Fragmented property rights and royalty bargaining
We consider production by a firm that relies on the patent rights that are held by other actors. Before production can take place, bargains have to be struck with each patent holder over the royalty per unit produced. In the negotiations, a patent holder must be mindful of the fact that a large royalty will increase the product price and lower demand for the final product. Hence each patent holder would prefer to gain a large royalty at the expense of rivals. When the producer makes the first offer in an alternating offer framework, we analyze whether it should conduct negotiations sequentially with some grouping of patent holders or simultaneously. We demonstrate that the producer will prefer simultaneous negotiation. An individual patent holder would prefer to negotiate early with the producer, and then to see remaining rights holders negotiate simultaneously. A firm that holds several patents would want to negotiate royalties on each one sequentially and then have simultaneous negotiation of payments to other rights holders.
References listed on IDEAS
Please report citation or reference errors to , or , if you are the registered author of the cited work, log in to your RePEc Author Service profile, click on "citations" and make appropriate adjustments.:
- Rubinstein, Ariel, 1982.
"Perfect Equilibrium in a Bargaining Model,"
Econometric Society, vol. 50(1), pages 97-109, January.
- Ariel Rubinstein, 2010. "Perfect Equilibrium in a Bargaining Model," Levine's Working Paper Archive 661465000000000387, David K. Levine.
- Ariel Rubinstein, 2010. "Perfect Equilibrium in a Bargaining Model," Levine's Working Paper Archive 252, David K. Levine.
- Banerji, A., 2002. "Sequencing strategically: wage negotiations under oligopoly," International Journal of Industrial Organization, Elsevier, vol. 20(7), pages 1037-1058, September.
- Thomas H. Noe & Jun Wang, 2004. "Fooling All of the People Some of the Time: A Theory of Endogenous Sequencing in Confidential Negotiations," Review of Economic Studies, Oxford University Press, vol. 71(3), pages 855-881.
- Henrick Horn & Asher Wolinsky, 1988. "Bilateral Monopolies and Incentives for Merger," RAND Journal of Economics, The RAND Corporation, vol. 19(3), pages 408-419, Autumn.
- Horn, H. & Wolinsky, A., 1988. "Bilateral Monopolies And Incentives For Merger," Papers 410, Stockholm - International Economic Studies.
- Robert C. Marshall & Antonio Merlo, 2004. "Pattern Bargaining," International Economic Review, Department of Economics, University of Pennsylvania and Osaka University Institute of Social and Economic Research Association, vol. 45(1), pages 239-255, 02.
- Robert Marshall & Antonio Merlo, 1996. "Pattern bargaining," Staff Report 220, Federal Reserve Bank of Minneapolis.
- Inderst, Roman, 2000. "Multi-issue Bargaining with Endogenous Agenda," Games and Economic Behavior, Elsevier, vol. 30(1), pages 64-82, January.
- Inderst, Roman, 1998. "Multi-Issue Bargaining with Endogenous Agenda," Sonderforschungsbereich 504 Publications 98-35, Sonderforschungsbereich 504, Universität Mannheim;Sonderforschungsbereich 504, University of Mannheim.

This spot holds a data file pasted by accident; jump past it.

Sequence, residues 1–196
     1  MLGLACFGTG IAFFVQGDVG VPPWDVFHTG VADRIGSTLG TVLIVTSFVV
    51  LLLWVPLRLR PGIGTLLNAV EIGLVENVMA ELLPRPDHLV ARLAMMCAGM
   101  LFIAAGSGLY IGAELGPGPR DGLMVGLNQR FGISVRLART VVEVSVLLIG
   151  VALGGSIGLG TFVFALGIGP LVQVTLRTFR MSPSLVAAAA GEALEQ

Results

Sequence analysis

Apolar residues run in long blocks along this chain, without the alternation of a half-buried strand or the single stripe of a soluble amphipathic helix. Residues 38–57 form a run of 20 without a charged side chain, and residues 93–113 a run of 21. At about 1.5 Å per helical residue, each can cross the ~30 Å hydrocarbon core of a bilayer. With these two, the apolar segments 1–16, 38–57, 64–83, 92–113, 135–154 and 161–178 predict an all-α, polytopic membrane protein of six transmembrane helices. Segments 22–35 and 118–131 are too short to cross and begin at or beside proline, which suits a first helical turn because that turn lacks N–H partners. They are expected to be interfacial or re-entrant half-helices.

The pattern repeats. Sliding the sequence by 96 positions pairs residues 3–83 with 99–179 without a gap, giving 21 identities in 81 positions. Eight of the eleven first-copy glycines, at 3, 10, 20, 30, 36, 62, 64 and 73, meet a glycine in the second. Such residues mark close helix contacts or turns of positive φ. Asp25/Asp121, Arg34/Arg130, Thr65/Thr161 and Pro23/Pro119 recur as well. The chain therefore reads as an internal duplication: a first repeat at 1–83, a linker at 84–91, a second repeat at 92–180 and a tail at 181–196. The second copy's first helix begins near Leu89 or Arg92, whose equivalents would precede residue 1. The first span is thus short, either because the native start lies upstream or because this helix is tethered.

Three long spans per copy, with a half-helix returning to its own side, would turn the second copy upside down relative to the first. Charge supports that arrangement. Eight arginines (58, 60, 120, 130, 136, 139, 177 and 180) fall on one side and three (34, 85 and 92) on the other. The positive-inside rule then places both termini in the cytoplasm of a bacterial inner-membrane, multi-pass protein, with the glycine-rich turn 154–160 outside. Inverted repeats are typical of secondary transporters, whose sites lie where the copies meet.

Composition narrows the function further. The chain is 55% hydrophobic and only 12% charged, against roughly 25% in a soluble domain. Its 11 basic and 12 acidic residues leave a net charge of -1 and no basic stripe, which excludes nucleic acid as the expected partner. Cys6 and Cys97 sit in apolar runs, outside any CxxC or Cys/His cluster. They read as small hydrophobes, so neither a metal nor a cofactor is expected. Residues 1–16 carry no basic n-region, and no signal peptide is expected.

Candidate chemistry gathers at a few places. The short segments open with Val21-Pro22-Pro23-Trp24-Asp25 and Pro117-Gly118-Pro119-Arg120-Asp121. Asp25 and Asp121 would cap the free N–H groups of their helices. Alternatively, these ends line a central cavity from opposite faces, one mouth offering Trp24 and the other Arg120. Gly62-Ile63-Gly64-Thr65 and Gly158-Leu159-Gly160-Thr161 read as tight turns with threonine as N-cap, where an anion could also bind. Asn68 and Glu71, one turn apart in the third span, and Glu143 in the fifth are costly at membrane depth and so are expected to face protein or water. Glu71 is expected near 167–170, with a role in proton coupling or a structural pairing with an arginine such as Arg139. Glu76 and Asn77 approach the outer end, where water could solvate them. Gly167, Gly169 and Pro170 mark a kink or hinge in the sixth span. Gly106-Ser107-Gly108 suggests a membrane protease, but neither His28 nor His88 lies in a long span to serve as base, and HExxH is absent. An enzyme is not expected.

- Shapiro, Carl, 2006. "Injunctions, Hold-Up, and Patent Royalties," Competition Policy Center, Working Paper Series qt6px3m1rb, Competition Policy Center, Institute for Business and Economic Research, UC Berkeley.
- Naoki Watanabe & Shigeo Muto, 2008. "Stable profit sharing in a patent licensing game: general bargaining outcomes," International Journal of Game Theory, Springer;Game Theory Society, vol. 37(4), pages 505-523, December.
- Fershtman, Chaim, 1990. "The importance of the agenda in bargaining," Games and Economic Behavior, Elsevier, vol. 2(3), pages 224-238, September.
- Chaim Fershtman, 1986. "The Importance of the Agenda in Bargaining," Discussion Papers 689, Northwestern University, Center for Mathematical Studies in Economics and Management Science.
- Yair Tauman & Naoki Watanabe, 2007. "The Shapley Value of a Patent Licensing Game: the Asymptotic Equivalence to Non-cooperative Results," Economic Theory, Springer;Society for the Advancement of Economic Theory (SAET), vol. 30(1), pages 135-149, January. Full references (including those not matched with items on IDEAS)
When requesting a correction, please mention this item's handle: RePEc:eee:jeborg:v:72:y:2009:i:1:p:546-553. See general information about how to correct material in RePEc.
For technical questions regarding this item, or to correct its authors, title, abstract, bibliographic or download information, contact: (Dana Niculescu)
If you have authored this item and are not yet registered with RePEc, we encourage you to do it here. This allows to link your profile to this item. It also allows you to accept potential citations to this item that we are uncertain about.
If references are entirely missing, you can add them using this form.
If the full references list an item that is present in RePEc, but the system did not link to it, you can help with this form.
If you know of missing items citing this one, you can help us creating those links by adding the relevant references in the same way as above, for each refering item. If you are a registered author of this item, you may also want to check the "citations" tab in your profile, as there may be some citations waiting for confirmation.
Please note that corrections may take a couple of weeks to filter through the various RePEc services.